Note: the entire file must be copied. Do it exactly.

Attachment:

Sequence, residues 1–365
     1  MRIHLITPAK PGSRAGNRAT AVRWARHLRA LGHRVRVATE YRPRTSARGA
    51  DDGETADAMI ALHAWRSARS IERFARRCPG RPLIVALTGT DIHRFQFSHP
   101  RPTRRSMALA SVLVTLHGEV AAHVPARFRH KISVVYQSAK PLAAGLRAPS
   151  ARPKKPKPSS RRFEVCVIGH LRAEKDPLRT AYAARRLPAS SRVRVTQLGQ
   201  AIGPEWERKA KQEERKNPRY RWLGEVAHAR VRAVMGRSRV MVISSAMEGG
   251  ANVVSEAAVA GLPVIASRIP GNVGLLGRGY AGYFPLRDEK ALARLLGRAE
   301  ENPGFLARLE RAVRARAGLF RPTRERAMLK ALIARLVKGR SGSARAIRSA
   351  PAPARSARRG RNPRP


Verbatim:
Sequence, residues 1–365
     1  MRIHLITPAK PGSRAGNRAT AVRWARHLRA LGHRVRVATE YRPRTSARGA
    51  DDGETADAMI ALHAWRSARS IERFARRCPG RPLIVALTGT DIHRFQFSHP
   101  RPTRRSMALA SVLVTLHGEV AAHVPARFRH KISVVYQSAK PLAAGLRAPS
   151  ARPKKPKPSS RRFEVCVIGH LRAEKDPLRT AYAARRLPAS SRVRVTQLGQ
   201  AIGPEWERKA KQEERKNPRY RWLGEVAHAR VRAVMGRSRV MVISSAMEGG
   251  ANVVSEAAVA GLPVIASRIP GNVGLLGRGY AGYFPLRDEK ALARLLGRAE
   301  ENPGFLARLE RAVRARAGLF RPTRERAMLK ALIARLVKGR SGSARAIRSA
   351  PAPARSARRG RNPRP